Any chronic and untreated conditions can contribute to poor pregnancy outcomes, including miscarriages. However, once a chronic condition has been stabilised, and there is no medical reason to avoid conceiving, the pregnancy should progress normally with additional appropriate monitoring. This is according to Dr Alfred Murage, Consultant Gynecologist and Fertility Specialist at the Harley Street Fertility Centre.
“In the case of Mercy, having had a heart problem at a young age, and this having been since corrected, should not directly cause a miscarriage. The best strategy would have been to do a detailed review of the prevailing circumstances, as it is still very likely the cause was chromosomal,” says Murage.
Reliable statistics aren’t readily available locally as many miscarriages go unreported and aren’t captured in health databases.
“Older women, mostly in late 30s and above, have higher risks of miscarriages as chromosomal abnormalities tend to rise with age,” says the expert.
He adds that most miscarriages occur due to chromosomal (genetic) abnormalities in the developing embryo, which tends to be a random event and it isn’t recurrent.
“Those with recurrent miscarriages (defined as 2 or more consecutively), may have a condition called anti-phospholipid syndrome (APS). This justifies testing anyone categorised as having recurrent miscarriages. Uncommon causes include structural abnormalities within the uterus, and existing genetic conditions in either one or both parents. Some miscarriages will not have a known cause even after extensive testing. Such situations are referred to as ‘unexplained’ and are difficult to treat.”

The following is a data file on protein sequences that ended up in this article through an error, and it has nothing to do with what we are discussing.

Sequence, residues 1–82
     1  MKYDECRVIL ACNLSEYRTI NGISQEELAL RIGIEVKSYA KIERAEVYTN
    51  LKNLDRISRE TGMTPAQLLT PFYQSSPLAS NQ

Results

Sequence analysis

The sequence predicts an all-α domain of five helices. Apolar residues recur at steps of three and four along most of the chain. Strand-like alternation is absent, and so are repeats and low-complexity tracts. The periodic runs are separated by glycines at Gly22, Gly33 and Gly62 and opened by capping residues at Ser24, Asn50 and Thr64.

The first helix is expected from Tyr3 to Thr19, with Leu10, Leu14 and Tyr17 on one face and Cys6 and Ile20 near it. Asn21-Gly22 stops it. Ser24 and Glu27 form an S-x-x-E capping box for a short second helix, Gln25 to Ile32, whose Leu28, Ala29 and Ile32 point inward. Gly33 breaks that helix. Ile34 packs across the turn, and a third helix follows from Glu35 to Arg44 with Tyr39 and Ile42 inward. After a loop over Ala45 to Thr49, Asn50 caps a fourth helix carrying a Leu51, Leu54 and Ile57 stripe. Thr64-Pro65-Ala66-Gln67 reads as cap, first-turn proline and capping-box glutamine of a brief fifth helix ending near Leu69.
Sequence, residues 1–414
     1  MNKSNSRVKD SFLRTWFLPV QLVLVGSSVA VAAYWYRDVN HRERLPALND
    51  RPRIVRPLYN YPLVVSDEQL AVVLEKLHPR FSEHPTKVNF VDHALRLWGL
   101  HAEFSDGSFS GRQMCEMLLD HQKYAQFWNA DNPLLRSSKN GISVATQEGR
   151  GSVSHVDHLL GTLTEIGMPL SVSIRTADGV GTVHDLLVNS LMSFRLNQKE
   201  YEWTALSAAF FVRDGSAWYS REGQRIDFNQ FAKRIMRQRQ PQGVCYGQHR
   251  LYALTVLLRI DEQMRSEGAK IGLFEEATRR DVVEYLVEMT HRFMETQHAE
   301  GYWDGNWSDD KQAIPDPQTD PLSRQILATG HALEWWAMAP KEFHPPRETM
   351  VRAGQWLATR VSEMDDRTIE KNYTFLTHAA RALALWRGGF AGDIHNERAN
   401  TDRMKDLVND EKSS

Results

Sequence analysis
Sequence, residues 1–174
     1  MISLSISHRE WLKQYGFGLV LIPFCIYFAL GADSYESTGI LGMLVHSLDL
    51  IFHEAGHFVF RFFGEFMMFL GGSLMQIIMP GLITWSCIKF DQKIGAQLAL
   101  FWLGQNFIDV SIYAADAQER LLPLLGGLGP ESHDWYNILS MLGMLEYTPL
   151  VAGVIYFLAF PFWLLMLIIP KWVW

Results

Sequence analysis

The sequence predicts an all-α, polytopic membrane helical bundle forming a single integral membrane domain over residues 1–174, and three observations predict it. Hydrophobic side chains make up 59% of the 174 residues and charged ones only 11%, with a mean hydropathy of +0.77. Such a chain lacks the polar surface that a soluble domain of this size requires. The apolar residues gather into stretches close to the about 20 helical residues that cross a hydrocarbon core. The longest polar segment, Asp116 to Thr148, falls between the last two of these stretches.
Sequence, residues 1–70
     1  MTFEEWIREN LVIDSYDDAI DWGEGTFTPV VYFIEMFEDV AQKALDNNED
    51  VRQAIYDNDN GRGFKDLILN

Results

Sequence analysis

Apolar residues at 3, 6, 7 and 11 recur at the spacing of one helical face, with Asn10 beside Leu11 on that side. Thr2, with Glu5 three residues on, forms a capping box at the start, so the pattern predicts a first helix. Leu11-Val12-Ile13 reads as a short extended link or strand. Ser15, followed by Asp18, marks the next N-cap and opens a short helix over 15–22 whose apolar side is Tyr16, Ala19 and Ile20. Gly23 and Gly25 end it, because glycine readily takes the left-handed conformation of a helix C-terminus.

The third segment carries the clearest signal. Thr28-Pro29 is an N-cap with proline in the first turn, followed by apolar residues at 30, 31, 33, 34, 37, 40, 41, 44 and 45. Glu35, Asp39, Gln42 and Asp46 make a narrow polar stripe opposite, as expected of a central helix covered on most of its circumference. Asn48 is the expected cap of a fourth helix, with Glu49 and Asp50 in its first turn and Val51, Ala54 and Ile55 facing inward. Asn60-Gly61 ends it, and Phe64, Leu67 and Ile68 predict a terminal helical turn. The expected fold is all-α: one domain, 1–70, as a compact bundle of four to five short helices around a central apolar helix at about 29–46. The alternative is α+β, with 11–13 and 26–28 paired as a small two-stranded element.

Women with thrombophilia (an abnormal tendency to develop blood clots) and recurrent miscarriage have high chances of successful pregnancy if treated with blood thinning injections and aspirin throughout their subsequent pregnancies. Some uterine abnormalities can be surgically corrected.
If the parents have a chromosomal abnormality, the only remedy is undergoing assisted conception techniques and selecting unaffected fertilized eggs (a technique called Pre-implantation Genetic Diagnosis (PGD).
Many women who have suffered a miscarriage often wonder how soon they can conceive again.
“If any factors responsible have been identified, these should be addressed as appropriate and remedial measures put in place with the next planned conception. Most women can conceive as soon as they feel ready following both psychological and physical recovery after the miscarriage,” explains Dr Murage.
According to the expert, several measures can be taken to reduce the risk of suffering a miscarriage.
“Chromosomal causes are random for young people; hence not much can be done to prevent this. Planning to complete a family prior to advanced age helps. Those diagnosed with specific causes will be put on appropriate remedies. Conceiving when in optimal health and avoiding toxins like smoking, drugs, alcohol are also good strategies to optimize pregnancy outcomes,” he says.